Jump to Main Content
The influence of stockplant fertilization on tissue concentrations of nitrogen, carbohydrates and amino acids and on the rooting of leafy stem cuttings of Cola anomala K. Schum (Malvaceae)
- Kanmegne, Gabriel, Mbouobda, Hermann Désiré, Fotso,, Mbakop, Christelle Nya, Omokolo, Dénis Ndoumou
- New forests 2017 v.48 no.1 pp. 17-31
- Malvaceae, NPK fertilizers, agroforestry, amino acid composition, amino acids, carbohydrate content, carbohydrates, cutting, domestication, fertilizer application, forest restoration, fruits, humid tropics, mortality, nitrogen content, phenotype, rooting, roots, shoots, trees, vegetative propagation, Central Africa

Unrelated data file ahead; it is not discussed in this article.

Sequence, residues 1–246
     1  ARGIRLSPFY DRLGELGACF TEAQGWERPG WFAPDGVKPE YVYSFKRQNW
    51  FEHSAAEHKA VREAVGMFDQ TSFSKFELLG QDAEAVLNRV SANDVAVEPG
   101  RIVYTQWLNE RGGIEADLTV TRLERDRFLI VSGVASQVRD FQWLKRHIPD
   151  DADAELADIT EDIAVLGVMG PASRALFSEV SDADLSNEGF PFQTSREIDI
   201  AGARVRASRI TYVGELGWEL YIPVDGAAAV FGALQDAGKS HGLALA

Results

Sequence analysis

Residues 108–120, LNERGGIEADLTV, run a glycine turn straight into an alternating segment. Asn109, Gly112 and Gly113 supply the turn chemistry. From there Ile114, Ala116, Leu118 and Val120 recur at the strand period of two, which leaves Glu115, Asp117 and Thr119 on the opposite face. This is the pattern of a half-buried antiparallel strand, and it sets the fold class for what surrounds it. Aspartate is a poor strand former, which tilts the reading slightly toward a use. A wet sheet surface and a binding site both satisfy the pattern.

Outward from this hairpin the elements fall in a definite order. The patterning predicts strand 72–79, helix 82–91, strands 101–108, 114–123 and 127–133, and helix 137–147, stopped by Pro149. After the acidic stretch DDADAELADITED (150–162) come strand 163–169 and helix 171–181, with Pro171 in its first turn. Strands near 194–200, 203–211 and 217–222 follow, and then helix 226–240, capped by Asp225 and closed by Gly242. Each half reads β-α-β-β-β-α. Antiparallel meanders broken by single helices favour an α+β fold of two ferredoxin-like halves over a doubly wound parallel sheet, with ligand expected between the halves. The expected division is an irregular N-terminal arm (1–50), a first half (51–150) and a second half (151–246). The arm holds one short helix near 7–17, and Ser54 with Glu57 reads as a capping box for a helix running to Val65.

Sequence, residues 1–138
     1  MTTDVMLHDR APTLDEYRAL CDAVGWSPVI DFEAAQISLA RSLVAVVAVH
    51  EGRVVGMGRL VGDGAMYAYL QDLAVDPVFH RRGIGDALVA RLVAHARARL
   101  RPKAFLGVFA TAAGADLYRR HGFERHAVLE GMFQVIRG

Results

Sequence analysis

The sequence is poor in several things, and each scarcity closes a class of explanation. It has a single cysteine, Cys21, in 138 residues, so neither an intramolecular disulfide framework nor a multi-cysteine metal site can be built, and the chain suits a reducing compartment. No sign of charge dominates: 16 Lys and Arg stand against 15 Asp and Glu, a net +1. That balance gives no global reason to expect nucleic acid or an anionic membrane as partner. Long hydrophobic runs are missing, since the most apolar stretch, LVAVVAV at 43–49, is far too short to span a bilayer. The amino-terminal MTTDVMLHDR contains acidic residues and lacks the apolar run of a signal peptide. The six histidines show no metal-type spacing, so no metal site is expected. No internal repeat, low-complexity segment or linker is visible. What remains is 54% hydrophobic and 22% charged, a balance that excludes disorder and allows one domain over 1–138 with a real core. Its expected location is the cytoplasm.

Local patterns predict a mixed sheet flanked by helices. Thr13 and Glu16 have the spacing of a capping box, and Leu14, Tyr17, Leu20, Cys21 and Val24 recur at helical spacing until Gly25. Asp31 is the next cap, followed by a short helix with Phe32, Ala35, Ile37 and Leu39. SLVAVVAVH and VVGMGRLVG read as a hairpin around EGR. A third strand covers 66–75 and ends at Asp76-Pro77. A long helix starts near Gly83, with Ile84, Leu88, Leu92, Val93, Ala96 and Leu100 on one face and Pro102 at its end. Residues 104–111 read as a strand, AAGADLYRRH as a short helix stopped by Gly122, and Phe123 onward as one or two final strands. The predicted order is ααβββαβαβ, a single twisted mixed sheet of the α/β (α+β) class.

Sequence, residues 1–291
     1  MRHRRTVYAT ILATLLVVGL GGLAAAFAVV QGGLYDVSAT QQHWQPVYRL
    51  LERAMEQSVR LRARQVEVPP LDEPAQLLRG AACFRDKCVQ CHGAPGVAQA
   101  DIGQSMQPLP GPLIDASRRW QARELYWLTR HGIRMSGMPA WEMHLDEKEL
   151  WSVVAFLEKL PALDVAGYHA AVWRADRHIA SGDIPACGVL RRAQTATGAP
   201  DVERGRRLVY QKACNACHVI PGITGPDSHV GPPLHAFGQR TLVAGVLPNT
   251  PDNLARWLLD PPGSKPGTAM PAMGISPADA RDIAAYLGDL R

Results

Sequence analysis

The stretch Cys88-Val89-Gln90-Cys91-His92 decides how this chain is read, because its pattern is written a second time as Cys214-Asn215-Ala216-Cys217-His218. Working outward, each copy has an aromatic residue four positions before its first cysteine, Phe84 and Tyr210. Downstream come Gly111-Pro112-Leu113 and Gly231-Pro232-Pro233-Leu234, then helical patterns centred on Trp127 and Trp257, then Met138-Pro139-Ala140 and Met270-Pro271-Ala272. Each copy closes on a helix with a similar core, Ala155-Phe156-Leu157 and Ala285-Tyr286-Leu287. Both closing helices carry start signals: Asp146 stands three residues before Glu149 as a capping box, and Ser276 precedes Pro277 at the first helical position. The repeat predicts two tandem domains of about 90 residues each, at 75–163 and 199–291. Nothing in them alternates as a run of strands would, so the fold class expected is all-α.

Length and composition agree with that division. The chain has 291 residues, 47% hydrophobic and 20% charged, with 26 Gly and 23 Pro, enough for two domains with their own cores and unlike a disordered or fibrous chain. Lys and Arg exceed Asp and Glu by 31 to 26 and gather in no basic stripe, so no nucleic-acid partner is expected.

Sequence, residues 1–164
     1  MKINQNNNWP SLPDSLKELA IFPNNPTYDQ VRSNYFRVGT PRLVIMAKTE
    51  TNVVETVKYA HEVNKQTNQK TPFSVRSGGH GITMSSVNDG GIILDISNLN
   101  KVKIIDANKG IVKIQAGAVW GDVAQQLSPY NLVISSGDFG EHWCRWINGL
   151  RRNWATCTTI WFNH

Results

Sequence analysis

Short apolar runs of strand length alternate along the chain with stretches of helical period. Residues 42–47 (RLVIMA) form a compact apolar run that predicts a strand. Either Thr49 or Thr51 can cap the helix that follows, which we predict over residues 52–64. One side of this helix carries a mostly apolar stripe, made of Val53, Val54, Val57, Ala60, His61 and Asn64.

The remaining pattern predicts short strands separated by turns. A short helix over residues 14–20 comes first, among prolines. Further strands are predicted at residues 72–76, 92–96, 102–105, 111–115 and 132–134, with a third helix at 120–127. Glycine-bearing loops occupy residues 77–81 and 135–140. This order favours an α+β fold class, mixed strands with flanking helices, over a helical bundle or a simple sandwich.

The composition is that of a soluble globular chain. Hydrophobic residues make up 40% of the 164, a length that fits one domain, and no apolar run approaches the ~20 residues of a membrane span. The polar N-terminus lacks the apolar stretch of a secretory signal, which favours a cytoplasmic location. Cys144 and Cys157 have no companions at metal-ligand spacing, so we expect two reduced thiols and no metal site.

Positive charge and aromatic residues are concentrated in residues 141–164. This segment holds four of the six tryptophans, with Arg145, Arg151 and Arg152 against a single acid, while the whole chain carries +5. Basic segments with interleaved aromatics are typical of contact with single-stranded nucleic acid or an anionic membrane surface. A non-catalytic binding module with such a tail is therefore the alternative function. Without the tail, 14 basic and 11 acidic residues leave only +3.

- Agroforestry tree domestication for forest restoration and fruits and nuts production is ongoing in West and central Africa. It is focused among others on vegetative propagation techniques to capture the superior phenotypes of individual trees. Cola anomala which is a priority target for domestication has been reported amenable to vegetative propagation through rooting of leafy stem cutting, but the rooting efficiency of cuttings collected from non-fertilized stockplants was very poor. The present study addressed the effect of a range of granular NPK 20-10-10 doses (0, 0.5, 1, 2, and 5 g/plant applied at 2-month intervals for 8 months) on growth, total nitrogen content, available carbohydrate content and amino acid content of C. anomala stockplants and the subsequent rooting ability of leafy stem cuttings. Results showed that perseverance fertilizer applications significantly affected growth (p < 0.001), nitrogen content (p < 0.001), carbohydrate content (p = 0.003) and amino acid content (p = 0.001) of stockplant shoots, as well as mortality percentage (p < 0.001), rooting percentage (p = 0.04) and the number of roots (p = 0.02) of subsequently harvested cuttings. The lowest mortality rate (0 %) was associated with the highest rooting percentage (90 ± 7.1 %), while the highest number of roots per rooted cutting (2.61 ± 0.31) was obtained when NPK fertilizer was applied at the rate of 1 g/plant. This dose corresponded to the rate at which stockplant growth was maximized. Of the parameters investigated, only the content of available carbohydrate at the time of excision was significantly correlated with percentage of cuttings rooted (r = 0.90, p = 0.03) and the number of roots per rooted cutting (r = 0.90, p = 0.03). It is concluded that NPK fertilizer applied to stockplants at the rate of 1 g/plant at 2-month intervals for 8 months resulted in the fastest growth and the best rooting ability of subsequently rooted cuttings. This is valuable information to optimize the clonal propagation protocol for C. anomala and other species of the humid tropics of West and Central Africa, especially those considered to be difficult to propagate.